How To Use HttpResponseRedirect In Django

HttpResponseRedirect In Django

The HttpResponseRedirect function in Django is used for purposes of URL redirection or URL forwarding. Redirects can be used for many purposes like redirecting users during a maintenance window, providing more than one URL address to a web page on the internet, or for configuring permanent redirects in order to maintain links and bookmarks that already exist. Typically redirects are used with HTTP, HTTPS, and FTP protocols, and a status code of 302 is used to perform this operation. Let’s add an instance of HttpResponseRedirect in our Django app to see how it works.


Two URLs One Webpage

An example of URL redirection in our application could be offering the user to view daily, weekly, or monthly goals using those strings or as an option, integer values. So the goal is to have two URLs for each of the three pages like so.

daily goals
127.0.0.1:8000/goals/daily
127.0.0.1:8000/goals/1

weekly goals
127.0.0.1:8000/goals/weekly
127.0.0.1:8000/goals/2

daily goals
127.0.0.1:8000/goals/monthly
127.0.0.1:8000/goals/3

Two Route Options

The first step is to offer two different routes in the URLconf of urls.py. One route will match an integer-based timeframe, and the other will match a string-based timeframe.

C:\python\djangoprojects\myproject\goals\urls.py

from django.urls import path
from . import views

urlpatterns = [
    path('<int:timeframe>', views.goals_by_int_timeframe),
    path('<str:timeframe>', views.goals_by_timeframe),
]

Importing HttpResponseRedirect

To make use of HttpResponseRedirect, we first need to import it at the top of view.py.

C:\python\djangoprojects\myproject\goals\views.py

from django.shortcuts import redirect, render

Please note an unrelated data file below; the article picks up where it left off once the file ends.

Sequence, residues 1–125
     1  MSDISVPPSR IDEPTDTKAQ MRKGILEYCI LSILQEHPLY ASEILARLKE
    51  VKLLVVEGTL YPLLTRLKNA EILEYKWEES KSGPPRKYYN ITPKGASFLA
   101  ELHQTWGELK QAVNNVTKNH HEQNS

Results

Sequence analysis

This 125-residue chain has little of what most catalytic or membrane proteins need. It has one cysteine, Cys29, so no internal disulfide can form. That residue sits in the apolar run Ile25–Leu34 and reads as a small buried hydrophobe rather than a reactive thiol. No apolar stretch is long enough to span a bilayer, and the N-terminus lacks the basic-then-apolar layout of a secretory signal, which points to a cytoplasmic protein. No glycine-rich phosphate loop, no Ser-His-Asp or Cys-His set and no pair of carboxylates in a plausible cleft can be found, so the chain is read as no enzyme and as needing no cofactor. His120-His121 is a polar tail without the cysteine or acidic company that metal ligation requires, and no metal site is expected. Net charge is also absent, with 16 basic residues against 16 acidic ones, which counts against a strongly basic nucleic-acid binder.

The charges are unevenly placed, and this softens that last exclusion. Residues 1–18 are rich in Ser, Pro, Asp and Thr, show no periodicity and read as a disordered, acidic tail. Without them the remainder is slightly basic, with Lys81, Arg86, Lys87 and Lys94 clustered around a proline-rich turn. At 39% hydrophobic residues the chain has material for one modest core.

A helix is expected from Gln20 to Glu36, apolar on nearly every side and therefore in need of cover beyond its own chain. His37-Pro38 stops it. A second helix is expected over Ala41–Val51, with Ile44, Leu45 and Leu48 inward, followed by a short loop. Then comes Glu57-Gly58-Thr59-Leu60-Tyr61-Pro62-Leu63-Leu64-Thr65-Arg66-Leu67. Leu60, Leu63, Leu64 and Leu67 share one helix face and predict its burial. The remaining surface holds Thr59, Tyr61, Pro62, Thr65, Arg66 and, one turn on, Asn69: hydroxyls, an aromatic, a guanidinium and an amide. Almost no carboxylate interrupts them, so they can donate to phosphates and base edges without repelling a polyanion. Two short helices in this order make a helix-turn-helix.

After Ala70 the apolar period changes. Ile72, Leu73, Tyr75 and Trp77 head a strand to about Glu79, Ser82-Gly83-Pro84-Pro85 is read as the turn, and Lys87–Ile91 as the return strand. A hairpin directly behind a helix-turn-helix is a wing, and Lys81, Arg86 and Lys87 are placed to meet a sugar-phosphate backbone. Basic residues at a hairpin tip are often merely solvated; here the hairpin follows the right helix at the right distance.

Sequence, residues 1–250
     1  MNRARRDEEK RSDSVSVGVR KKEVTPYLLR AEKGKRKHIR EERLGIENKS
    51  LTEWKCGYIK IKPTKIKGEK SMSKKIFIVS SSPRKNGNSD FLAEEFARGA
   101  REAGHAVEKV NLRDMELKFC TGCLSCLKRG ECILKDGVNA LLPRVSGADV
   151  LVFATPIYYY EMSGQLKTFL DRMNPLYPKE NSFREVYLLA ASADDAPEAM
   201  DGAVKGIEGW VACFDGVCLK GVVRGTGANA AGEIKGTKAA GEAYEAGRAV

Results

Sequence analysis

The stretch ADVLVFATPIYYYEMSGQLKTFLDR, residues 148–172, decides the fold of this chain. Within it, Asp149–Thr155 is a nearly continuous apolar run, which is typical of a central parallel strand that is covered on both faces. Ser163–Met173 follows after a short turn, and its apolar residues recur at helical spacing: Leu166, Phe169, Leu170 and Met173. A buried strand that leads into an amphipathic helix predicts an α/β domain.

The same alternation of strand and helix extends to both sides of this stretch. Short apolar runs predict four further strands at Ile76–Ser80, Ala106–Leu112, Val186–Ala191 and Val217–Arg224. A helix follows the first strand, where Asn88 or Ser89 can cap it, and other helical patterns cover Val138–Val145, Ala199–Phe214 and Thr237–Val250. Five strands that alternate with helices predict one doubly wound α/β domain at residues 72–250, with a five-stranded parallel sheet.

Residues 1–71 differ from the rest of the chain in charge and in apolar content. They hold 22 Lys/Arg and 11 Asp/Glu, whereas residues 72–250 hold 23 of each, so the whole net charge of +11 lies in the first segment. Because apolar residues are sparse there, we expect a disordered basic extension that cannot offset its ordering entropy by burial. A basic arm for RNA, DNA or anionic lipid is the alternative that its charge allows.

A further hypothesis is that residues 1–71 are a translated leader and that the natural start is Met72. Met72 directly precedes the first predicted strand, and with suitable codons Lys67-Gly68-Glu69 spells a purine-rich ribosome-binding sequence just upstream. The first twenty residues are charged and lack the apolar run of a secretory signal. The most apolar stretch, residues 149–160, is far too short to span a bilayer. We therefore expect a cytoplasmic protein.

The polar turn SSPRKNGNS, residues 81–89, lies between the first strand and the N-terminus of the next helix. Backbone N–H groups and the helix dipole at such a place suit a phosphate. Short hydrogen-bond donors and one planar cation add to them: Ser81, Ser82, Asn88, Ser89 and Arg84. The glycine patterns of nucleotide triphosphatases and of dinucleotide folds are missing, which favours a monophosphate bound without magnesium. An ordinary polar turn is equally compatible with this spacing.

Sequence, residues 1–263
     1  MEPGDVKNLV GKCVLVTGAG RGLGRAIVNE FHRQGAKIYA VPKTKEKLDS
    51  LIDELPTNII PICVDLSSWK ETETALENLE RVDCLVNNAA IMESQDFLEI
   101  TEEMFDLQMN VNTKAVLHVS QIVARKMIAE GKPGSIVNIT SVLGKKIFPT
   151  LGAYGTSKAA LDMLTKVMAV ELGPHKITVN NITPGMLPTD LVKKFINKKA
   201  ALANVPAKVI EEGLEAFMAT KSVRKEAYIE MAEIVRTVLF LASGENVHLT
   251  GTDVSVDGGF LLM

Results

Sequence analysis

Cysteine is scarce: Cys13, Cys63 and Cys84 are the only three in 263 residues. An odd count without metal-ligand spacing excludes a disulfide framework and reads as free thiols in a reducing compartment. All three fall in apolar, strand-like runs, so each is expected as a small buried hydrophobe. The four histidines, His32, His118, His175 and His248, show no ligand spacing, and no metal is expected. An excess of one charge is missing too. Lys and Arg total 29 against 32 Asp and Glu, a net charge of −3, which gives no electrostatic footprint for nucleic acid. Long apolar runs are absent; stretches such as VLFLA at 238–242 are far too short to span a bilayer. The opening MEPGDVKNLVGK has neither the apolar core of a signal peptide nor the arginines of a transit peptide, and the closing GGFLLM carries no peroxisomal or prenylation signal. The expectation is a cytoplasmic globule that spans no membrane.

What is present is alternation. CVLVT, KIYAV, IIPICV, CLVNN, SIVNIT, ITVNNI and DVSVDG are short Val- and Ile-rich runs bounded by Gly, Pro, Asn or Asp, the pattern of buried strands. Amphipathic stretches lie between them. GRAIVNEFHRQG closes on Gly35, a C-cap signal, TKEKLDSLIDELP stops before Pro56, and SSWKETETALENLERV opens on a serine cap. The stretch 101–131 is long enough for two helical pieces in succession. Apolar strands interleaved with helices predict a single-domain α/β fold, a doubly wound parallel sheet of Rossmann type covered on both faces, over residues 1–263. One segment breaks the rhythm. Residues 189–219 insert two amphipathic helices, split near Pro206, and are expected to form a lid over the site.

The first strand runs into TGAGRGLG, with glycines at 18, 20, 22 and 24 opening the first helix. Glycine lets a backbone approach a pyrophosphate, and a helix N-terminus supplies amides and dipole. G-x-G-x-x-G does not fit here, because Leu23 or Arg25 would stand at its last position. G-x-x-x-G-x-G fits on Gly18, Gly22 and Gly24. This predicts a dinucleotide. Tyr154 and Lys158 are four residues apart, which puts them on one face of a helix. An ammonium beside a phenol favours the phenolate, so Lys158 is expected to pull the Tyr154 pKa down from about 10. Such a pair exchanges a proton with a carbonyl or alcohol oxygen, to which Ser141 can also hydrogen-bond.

from django.http import HttpResponse, HttpResponseRedirect

Use HttpResponseRedirect In A Function

We can add a new function in view.py that handles any GET requests that match an integer-based timeframe from the urls.py configuration. Then, we use basic Python to map the integer value to a key in a dictionary that holds the daily, weekly, and monthly goals. Then, we make use of HttpResponseRedirect to redirect the URL of 127.0.0.1:8000/goals/1 to http://127.0.0.1:8000/goals/daily, 127.0.0.1:8000/goals/2 to http://127.0.0.1:8000/goals/weekly, and 127.0.0.1:8000/goals/3 to http://127.0.0.1:8000/goals/monthly.

from django.shortcuts import redirect, render
from django.http import HttpResponse, HttpResponseRedirect

# dictionary data store
goals = {
    'daily': 'Learn Something New',
    'weekly': 'Take a day off',
    'monthly': 'Complete a creative course'
}


def goals_by_int_timeframe(request, timeframe):
    timeframes = list(goals.keys())
    redirect_to = timeframes[timeframe - 1]
    return HttpResponseRedirect('/goals/' + redirect_to)


def goals_by_timeframe(request, timeframe):
    goal = goals[timeframe]
    return HttpResponse(goal)

Visiting the address of 127.0.0.1:8000/goals/1 now produces an immediate 302 redirect to http://127.0.0.1:8000/goals/daily which gives a 200 OK response.

django httpresponseredirect
django 302 status code

How To Use HttpResponseRedirect In Django Summary

We now have a good grasp on requests, responses, and redirects in Django. This little application makes use of path converters to handle both int and strings in a URL pattern, then uses logic to handle each request based on whether the captured value is an int or str. We used Django’s HttpResponseRedirect function to forward integer-based requests to their associated string-based URLs.